Last Updated on September 3, 2021 by BVN
S. E. Williams |
During the month of August, Black Voice News highlighted Black owned businesses in the inland region as a way to recognize Black entrepreneurs for their successes, milestones, and historical progress. Our goal then and now is to encourage support of these businesses not only during the month of August, but every month.
Although Black entrepreneurs have a long and challenging history in America which includes systemic racism, redlining and even violence, they continue to persevere. In part, their history of survival is rooted in the ability to coalesce for mutual support.
In 1900 Booker T. Washington founded the National Negro Business League establishing an institution that convened members of the Black community who were businessowners, community figures, and educators in order to pursue prosperity, financial growth and economic development among the African American community.
Supporting Black businesses today is more important than ever as many continue to recover from the economic losses caused by the coronavirus pandemic.
Black businesses in the Inland Empire were hit especially hard by the coronavirus pandemic. They need community support year round. As noted by Pepi Jackson, President of the Riverside County Black Chamber of Commerce, “I believe that National Black Business Month is especially important to celebrate in this time and day, simply because we’re coming out of history’s worst pandemic that has caused the most damage to Black businesses that is, in memorable history, other than slavery itself.”
Black Women Making an Impact
Despite the setbacks, businesses owned by Black women accounted for 21 percent of all women-owned businesses in the country and their businesses have grown at an annual rate of 12 percent for the past year compared to an eight percent annual growth rate between 2014 and 2019.
Recycling Black Dollars in Support of Black Businesses
According to Black Economics 101, “The average Black dollar lasts only hours within the Black community and that lack of reinvestment—i.e., not supporting Black-owned banks and businesses—has in some ways contributed to the wealth gap between Blacks and other ethnicities.”
More than 37 million Black people in America spend about $1 trillion in value each year, often going into the hands of corporations and others who work against the best interest of Black people. If money talks, like the old folks say, then one trillion dollars should buy a lot of conversation–let them speak for the economic empowerment of Black people. Supporting Black-owned businesses helps strengthen the economic viability of the Black community.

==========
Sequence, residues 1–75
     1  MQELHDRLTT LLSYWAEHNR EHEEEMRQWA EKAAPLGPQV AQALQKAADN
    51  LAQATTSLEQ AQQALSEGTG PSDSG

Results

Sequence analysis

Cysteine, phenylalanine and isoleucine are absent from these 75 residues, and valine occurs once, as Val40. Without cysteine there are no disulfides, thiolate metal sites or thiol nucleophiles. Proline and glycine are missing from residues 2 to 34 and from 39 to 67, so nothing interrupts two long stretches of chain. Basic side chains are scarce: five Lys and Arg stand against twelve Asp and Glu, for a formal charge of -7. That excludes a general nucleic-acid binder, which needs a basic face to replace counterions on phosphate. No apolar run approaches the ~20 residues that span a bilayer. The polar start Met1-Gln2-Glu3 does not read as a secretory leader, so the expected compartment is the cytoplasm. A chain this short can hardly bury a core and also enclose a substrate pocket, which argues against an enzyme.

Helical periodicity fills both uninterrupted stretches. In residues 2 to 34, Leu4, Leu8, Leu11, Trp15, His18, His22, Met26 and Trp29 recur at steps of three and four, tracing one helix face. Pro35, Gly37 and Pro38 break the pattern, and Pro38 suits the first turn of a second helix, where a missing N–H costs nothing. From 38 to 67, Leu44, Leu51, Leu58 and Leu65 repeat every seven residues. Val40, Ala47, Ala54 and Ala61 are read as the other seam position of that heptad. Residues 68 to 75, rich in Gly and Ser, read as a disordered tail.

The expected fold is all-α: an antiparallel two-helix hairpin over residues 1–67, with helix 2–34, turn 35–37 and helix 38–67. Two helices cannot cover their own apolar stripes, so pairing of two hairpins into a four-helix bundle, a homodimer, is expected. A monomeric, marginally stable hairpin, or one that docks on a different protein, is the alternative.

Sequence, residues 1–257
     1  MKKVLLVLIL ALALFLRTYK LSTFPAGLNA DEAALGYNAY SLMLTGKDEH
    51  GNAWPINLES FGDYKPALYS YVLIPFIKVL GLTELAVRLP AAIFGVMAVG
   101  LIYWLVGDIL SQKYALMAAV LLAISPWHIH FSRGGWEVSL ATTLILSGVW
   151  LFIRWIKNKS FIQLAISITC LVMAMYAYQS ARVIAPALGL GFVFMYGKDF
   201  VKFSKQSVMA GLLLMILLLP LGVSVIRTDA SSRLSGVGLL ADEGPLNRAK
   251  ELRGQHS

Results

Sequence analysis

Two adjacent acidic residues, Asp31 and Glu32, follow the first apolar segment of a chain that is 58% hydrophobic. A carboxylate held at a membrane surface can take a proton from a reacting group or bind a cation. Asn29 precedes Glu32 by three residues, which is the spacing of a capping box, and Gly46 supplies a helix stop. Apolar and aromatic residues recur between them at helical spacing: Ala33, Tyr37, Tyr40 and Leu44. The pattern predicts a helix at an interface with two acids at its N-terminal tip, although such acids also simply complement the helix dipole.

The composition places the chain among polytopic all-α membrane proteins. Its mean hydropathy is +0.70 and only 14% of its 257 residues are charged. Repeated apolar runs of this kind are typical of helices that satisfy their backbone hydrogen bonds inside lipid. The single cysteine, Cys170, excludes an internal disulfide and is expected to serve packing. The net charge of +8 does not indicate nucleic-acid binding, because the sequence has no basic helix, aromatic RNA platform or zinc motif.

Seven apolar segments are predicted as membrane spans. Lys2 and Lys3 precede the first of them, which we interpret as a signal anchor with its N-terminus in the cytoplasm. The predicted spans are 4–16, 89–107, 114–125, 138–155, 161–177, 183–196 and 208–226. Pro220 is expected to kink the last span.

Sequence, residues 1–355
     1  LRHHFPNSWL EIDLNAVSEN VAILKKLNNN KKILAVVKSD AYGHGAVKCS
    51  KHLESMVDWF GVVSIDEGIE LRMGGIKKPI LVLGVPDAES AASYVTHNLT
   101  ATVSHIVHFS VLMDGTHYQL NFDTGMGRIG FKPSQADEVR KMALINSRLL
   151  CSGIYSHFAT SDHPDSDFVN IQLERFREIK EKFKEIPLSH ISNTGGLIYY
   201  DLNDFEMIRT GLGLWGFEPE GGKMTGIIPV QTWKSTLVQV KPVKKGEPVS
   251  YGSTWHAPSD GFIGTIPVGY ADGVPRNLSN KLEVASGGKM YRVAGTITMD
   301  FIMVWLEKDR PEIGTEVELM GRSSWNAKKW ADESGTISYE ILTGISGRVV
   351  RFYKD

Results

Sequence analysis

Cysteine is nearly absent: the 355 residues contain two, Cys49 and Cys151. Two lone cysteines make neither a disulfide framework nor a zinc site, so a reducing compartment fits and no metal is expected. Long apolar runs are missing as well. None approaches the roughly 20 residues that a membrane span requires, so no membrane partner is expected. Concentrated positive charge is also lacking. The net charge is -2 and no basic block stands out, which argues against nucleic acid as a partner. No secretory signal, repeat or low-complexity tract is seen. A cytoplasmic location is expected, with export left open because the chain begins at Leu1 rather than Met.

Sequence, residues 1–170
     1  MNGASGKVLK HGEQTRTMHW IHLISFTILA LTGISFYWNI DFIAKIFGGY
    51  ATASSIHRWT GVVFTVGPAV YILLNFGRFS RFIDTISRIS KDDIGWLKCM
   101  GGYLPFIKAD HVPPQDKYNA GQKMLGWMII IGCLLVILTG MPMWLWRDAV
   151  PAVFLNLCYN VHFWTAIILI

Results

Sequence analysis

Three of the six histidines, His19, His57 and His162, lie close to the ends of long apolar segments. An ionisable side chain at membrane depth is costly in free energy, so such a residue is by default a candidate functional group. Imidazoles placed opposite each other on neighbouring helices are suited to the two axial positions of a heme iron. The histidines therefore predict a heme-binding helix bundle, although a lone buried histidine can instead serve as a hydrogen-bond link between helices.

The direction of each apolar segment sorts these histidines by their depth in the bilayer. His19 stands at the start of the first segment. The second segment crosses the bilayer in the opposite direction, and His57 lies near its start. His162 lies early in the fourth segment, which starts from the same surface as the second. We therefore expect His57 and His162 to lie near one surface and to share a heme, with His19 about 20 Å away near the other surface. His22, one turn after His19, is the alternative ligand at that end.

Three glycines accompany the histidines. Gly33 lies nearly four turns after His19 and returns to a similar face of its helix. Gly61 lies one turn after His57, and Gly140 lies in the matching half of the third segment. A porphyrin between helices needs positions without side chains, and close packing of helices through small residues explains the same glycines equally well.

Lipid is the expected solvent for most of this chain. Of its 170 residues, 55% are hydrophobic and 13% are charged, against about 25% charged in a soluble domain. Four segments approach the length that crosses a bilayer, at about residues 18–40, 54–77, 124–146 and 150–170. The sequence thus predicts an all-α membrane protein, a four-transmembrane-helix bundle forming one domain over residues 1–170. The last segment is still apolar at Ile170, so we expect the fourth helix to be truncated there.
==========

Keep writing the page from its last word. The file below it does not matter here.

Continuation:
“The key to a healthy, vibrant Black community is [first] entrepreneurship, and then more of those companies must grow. We need more enterprises to move out of the small-business category and into the middle-market business category, which is defined as companies with at least $50 million of annual revenue,” according to Black Economics 101.
The Power of Social Media
Black-owned businesses however, cannot survive, thrive and grow without consumer support and such support must begin in local communities.
Nielsen’s 10th-Year African American Consumer Report published in October 2020 found, “African Americans are nearly three times as likely to take to social media to show support of their favorite companies and brands.” Let’s use our social media power to uplift Black-owned businesses at every opportunity.
Black-Owned Media is Part of the Equation
Despite research showing, Black consumers are the number one ethnic group in watching live TV, playing game consoles, smartphone media consumption, and streaming audio, the top 20 advertisers have only recently increased advertising dollars from $3.34 billion in 2011 to $3.86 billion in 2019—almost a 16 percent increase— to reach members of the Black community, few of those advertising dollars however, flow to Black media.
Once again, I encourage you to support Black-owned businesses including the Black press at every opportunity.
Stephanie Williams is executive editor of the IE Voice and Black Voice News. A longtime champion for civil rights and justice in all its forms, she is also an advocate for government transparency and committed to ferreting out and exposing government corruption. Stephannie has received awards for her investigative reporting and for her weekly column, Keeping it Real. Contact Stephanie with tips, comments. or concerns at firstname.lastname@example.org.